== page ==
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Autolust | The Scuderia Cameron Glickenhaus SCG003S

The $1 million+ Scuderia Cameron Glickenhaus SCG003S may not have a catchy name, but the racing-bred hypercar will catch anything on the road.

John Scott Lewinskiby John Scott Lewinski

There are those legendary cars with names that monikers that cling to our memories — iconic performance machines perfectly wed to names that capture their very nature like some beautiful, poetic metaphor. The Scuderia Cameron Glickenhaus SCG003S is not one of those cars. Still, what’s in a name?

What the Scuderia Cameron Glickenhaus SCG003S lacks in catchy tags, it makes up for with insane looks and performance numbers that will place it amongst the fastest cars in the world. Set to make its official international debut at the 2017 Geneva Motor Show, the Scuderia Cameron Glickenhaus SCG003S promises to be one of the most impressive and expensive American hypercars ever built.

FRONT

For the uninitiated, there’s an unofficial differentiation between the terms “supercar” and “hypercar.” Both are rare and expensive. Both provide elite driving experiences with the best engineering, design and materials. It’s just a matter of degree and cost.

The supercars of the world come to us from the likes of Aston Martin, Ferrari, Lamborghini, Maserati, Porsche, etc. They’re objects of desire and available only to those of elite means with prices consistently in the low-to-mid-six figures range. In some cases, mass market automakers build a supercar as their halo build — making a car that orbits high above their other builds. For example, consider the Ford GT, the Lexus LFA or the Nissan GT-R. Regardless of their origin, supercars are still mass produced — only in much smaller runs than the majority of consumer cars.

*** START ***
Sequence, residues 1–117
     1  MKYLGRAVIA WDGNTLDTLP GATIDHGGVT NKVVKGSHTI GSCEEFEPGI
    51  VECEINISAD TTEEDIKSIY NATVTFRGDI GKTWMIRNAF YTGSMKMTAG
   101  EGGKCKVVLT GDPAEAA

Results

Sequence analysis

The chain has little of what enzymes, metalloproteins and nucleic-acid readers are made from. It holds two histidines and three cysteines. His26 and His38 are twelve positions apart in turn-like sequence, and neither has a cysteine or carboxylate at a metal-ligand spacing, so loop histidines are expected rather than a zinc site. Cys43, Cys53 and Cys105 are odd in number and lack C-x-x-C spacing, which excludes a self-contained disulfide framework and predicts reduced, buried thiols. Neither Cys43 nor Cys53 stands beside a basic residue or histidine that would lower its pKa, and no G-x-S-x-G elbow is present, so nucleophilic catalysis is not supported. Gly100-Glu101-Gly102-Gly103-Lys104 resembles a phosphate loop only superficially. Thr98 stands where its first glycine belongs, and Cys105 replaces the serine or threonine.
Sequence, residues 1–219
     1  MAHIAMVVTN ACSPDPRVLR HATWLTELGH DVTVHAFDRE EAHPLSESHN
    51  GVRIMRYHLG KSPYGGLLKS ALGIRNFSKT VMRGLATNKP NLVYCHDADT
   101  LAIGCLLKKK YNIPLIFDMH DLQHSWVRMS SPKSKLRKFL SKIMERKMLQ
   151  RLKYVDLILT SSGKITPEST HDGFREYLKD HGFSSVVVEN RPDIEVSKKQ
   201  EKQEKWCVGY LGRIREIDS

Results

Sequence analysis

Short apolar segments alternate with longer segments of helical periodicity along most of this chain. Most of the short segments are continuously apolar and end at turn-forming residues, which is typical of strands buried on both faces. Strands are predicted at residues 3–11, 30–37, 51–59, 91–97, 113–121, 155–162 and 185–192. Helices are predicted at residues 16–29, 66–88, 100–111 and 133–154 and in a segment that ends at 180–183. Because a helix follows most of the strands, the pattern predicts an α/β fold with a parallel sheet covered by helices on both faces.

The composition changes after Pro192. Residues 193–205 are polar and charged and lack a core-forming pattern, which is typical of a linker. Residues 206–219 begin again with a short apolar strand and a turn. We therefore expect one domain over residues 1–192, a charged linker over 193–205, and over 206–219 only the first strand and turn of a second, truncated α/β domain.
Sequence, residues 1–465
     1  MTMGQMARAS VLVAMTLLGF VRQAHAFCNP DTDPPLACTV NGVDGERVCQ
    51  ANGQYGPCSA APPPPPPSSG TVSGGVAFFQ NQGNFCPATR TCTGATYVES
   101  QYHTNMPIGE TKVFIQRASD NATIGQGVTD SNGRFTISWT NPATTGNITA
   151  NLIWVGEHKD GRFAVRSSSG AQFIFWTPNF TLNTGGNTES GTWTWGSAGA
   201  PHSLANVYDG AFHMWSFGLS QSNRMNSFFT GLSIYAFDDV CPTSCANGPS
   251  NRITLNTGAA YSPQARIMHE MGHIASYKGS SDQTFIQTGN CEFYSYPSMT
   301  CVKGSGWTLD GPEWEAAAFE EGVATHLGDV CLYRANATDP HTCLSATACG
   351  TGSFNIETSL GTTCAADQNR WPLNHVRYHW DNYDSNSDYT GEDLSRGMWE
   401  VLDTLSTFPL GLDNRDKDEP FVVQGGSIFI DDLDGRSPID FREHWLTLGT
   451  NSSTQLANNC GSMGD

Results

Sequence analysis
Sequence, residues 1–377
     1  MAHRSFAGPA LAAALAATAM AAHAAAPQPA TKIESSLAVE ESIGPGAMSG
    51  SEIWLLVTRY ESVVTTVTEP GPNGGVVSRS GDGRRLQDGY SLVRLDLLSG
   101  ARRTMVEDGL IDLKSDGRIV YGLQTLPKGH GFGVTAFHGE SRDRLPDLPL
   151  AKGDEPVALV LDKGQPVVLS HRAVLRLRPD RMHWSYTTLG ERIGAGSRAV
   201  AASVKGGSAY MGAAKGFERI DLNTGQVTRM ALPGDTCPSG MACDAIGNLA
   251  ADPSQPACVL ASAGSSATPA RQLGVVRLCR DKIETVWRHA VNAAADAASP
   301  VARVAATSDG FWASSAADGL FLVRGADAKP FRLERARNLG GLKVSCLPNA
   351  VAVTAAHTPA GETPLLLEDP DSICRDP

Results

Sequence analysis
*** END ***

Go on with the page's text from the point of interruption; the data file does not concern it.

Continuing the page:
Also: AUTOLUST | The Bugatti Chiron: Supreme Super Sport Luxury

Hypercars take a crazy step beyond supercars as their manufacturers build very small batches of four-wheeled brilliance using the finest materials and latest technology to achieve exclusive levels of on-road performance that sometimes redefine what automobiles can accomplish on this planet. For a prime European example, check out last month’s Autolust.

A true hypercar’s level of engineering comes at a cost often double of a mere supercar (or more), making them solely the potential property of the very wealthy. They do get driven, but they’ll end up in museums or on elite auction blocks around the world.

Scuderia Cameron Glickenhaus did not pass go on its way to forging its latest true hyper car. The SCG003S is a road-going version of the company’s SCG003C racer. The latter car won its class at the Nürburgring 24 Hours Race, one of the foremost endurance runs in the world.

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Obviously, the only difference between the racing and road legal versions is the C on the end of SCG003 becomes an S. That S stands for “Stradale” (Italian for “road”). The C referred to “Competizione.” Since this is the third model Scuderia Cameron Glickenhaus brought to market, hence the 003.

The American by birth, the car is hand-built in Italy by Manifattura Automobili Torino. The firm is headed by Paolo Garella, one of the minds such motoring classics as the Ferrari P4/5. Like other hypercars of its ilk, the SCG003S relies on an entirely carbon fiber chassis to reduced weight. That allows the 4.4 liter, twin turbo, mid-mounted V8 engine putting out more than 750 horsepower.

Final facts and figures will be unveiled at Geneva next year, but rumors have the SCG003S knocking down 0-60 in under three seconds en route to a top speed of 217 mph. Any of those numbers are not far off what you’ll find in the hands of Forumla 1 professionals. The Scuderia Cameron Glickenhaus promises their SCG003S will be the fastest cornering car in the world due to advanced aerodynamic downforce generating more than 2 Gs through corners.

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A final price for all of those statistics is still officially under wraps, but the number is sure to climb above $1 million. For the money, the wealthy buyer can build in significant personalization in each car. Individualized interior fit and finish will be built into the individual driver as they are with professional race competitors.

Images of the interior and details on its cockpit inclusions are still foggy, but a $1 million+ car will want for nothing in the bespoke luxury department. For that amount of money, a hypercar can’t be merely a super-muscled track ride. It must also have grand touring capability, and the SCG003S will not disappoint.

For an official look at the Scuderia Cameron Glickenhaus SCG003S before next year’s Geneva Motor Show, peruse the gallery below.
All photos courtesy SCG.